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Monday’s strikes saw central Kyiv targeted for the first time
By Paul Adams in Kyiv and Elsa Maishman in London-BBC News
Russia has been widely condemned after bombarding cities across Ukraine, including launching missile strikes on the centre of Kyiv for the first time.
The US said the “brutal” attacks had hit non-military targets, including a university and children’s playground, and promised ongoing military aid.
United Nations chief Antonio Guterres said he was “deeply shocked”.
Vladimir Putin said the attacks were retaliation for Saturday’s explosion on a key bridge linking Russia to Crimea.
Ukraine says 83 missiles were launched of which more than 43 were shot down.
In a defiant video, Ukraine’s President Volodymyr Zelensky said that “Ukraine cannot be intimidated. It can only be more united.”
The deadly barrage included strikes on the cities of Lviv, Kharkiv, Dnipro and Zaporizhzhia, and were some of the worst Ukraine has seen for months.
At least 14 people were killed and scores more were injured, officials said.
Several regions were left without electricity and water after missiles hit energy infrastructure.
Residents in the capital Kyiv said Russia appeared to be targeting civilian areas which were busy with Monday morning commuters, including the children’s playground, university and the popular Taras Shevchenko park.
Antonio Guterres described the strikes as “another unacceptable escalation of the war” for which civilians were paying the highest price.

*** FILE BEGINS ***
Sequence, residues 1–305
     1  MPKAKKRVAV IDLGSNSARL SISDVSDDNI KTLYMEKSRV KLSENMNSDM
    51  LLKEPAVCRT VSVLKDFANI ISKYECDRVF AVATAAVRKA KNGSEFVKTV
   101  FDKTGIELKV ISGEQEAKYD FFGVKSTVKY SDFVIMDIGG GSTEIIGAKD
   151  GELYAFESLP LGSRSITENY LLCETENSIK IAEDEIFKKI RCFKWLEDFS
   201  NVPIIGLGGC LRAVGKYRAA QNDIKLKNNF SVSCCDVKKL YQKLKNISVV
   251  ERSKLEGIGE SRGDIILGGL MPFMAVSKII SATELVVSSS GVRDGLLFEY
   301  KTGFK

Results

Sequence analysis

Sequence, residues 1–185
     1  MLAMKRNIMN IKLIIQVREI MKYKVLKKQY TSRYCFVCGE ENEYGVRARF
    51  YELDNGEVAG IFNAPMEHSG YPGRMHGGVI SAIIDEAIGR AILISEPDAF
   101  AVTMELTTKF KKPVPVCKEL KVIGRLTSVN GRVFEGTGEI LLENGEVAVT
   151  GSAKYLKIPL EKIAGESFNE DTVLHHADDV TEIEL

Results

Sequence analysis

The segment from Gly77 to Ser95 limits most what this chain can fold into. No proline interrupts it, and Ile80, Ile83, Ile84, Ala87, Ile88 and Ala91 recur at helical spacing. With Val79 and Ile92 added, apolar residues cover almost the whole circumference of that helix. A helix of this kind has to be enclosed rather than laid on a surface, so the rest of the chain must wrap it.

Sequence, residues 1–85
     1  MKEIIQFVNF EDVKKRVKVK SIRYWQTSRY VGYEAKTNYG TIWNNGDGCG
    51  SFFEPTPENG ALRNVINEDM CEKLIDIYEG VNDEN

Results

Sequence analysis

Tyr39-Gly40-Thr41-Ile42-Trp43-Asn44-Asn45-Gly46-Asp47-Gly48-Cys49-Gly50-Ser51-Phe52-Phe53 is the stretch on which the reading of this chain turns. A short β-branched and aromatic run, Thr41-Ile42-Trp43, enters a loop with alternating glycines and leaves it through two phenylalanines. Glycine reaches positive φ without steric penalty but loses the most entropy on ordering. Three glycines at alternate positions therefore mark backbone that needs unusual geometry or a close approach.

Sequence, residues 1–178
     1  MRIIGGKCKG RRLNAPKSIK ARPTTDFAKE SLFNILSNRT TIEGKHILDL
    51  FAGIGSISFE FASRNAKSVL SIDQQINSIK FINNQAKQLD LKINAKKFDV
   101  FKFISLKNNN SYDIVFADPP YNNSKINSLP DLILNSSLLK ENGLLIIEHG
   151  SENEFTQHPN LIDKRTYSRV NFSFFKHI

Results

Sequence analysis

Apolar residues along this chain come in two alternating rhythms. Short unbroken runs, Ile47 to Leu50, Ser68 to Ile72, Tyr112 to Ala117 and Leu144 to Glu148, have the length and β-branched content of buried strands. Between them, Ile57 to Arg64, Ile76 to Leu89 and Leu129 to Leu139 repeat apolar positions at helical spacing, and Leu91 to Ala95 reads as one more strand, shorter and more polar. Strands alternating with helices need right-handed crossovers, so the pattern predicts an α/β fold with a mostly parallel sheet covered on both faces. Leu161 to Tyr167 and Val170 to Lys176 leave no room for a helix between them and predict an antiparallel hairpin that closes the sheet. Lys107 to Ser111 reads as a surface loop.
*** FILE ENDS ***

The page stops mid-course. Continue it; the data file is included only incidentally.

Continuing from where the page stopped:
The EU said a war crime had been committed, while European Commission president Ursula von der Leyen said Russia stood for terror and brutality.
US President Joe Biden was one of many foreign leaders to speak with President Zelensky, and he “pledged to continue providing Ukraine with the support needed to defend itself, including advanced air defence systems”, the White House said.
Mr Biden said the attacks demonstrated “the utter brutality” of Putin’s “illegal war”.
China and India, which have not condemned the war, called for a de-escalation.
Speaking at the UN General Assembly in New York, Sergiy Kyslytsya, Ukraine’s Ambassador to the UN, said his family had been in a residential area in Ukraine when it was attacked by the latest Russian missiles and they were unable to go to a bomb shelter.
He said Russia had already killed some of his relatives, calling it “a terrorist state” that must be deterred in the strongest possible ways to prevent further atrocities. He added that Russia’s delegation to the UN left “a trail of blood” whenever it entered the General Assembly hall.
The General Assembly is holding an emergency meeting following Russia’s latest attacks. Although the session was convened because of the Kremlin’s annexation of four partly-occupied Ukrainian regions following sham referendums, it has been overshadowed by this morning’s attacks.
Russian missiles began hitting targets across Ukraine around the morning rush hour on Monday, in the most widespread bombardment of the war.
Ihor Zhovka, deputy head of President Zelensky’s office, said they were designed to sow panic.
The strikes were more intense than had previously been seen, he told the BBC, and in some ways resembled the early days of the war.
He added that this had not come as a surprise, and was a sign of things to come during the “very difficult” winter ahead.
Russia’s President Putin said the attacks were in retaliation to Saturday’s explosion on the bridge linking the occupied Crimea peninsula to Russia which he blamed on Ukraine.
Ukraine has not confirmed it was behind that strike. Mr Zhovka said he did not entirely believe that the Russian attacks were a retaliation, as Kyiv has been hit before.
Mr Putin warned he was ready to authorise more “severe” attacks, while deputy head of the Russian Security Council Dmitry Medvedev said that “the first episode has been played. There will be others”.